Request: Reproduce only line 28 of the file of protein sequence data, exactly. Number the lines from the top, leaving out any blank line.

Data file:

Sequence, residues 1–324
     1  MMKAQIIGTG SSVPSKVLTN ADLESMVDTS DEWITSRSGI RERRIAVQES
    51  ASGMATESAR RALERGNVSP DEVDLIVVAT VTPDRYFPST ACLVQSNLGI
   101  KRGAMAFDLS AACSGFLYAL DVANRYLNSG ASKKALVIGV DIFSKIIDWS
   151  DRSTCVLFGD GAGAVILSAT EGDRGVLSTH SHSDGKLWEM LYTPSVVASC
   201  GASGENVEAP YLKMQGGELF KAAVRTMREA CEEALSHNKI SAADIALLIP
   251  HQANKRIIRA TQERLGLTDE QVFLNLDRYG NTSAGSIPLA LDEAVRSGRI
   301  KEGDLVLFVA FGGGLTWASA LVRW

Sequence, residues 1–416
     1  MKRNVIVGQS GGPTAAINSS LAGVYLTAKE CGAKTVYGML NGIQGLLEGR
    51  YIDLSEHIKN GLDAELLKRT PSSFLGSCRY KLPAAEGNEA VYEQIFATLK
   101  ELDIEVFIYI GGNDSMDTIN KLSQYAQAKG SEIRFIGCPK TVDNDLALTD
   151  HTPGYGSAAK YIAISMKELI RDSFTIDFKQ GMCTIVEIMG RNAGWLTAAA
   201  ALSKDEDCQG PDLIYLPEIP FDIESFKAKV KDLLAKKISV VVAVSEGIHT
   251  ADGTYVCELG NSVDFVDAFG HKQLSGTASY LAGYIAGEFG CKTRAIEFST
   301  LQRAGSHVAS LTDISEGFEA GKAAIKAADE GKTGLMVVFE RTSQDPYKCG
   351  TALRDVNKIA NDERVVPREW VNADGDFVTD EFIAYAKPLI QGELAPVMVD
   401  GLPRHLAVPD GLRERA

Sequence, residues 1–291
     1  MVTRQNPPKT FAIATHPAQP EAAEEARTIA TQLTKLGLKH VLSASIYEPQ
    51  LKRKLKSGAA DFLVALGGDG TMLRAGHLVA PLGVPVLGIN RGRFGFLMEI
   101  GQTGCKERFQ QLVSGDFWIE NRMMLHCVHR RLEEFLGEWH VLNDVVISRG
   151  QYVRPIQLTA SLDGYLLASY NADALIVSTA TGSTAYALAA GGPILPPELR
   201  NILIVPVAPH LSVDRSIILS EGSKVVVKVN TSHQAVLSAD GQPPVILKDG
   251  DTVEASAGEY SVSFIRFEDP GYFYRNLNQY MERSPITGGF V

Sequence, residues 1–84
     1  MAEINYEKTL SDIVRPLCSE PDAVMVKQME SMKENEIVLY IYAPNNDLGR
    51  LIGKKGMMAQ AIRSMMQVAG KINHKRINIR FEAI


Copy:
    51  LIGKKGMMAQ AIRSMMQVAG KINHKRINIR FEAI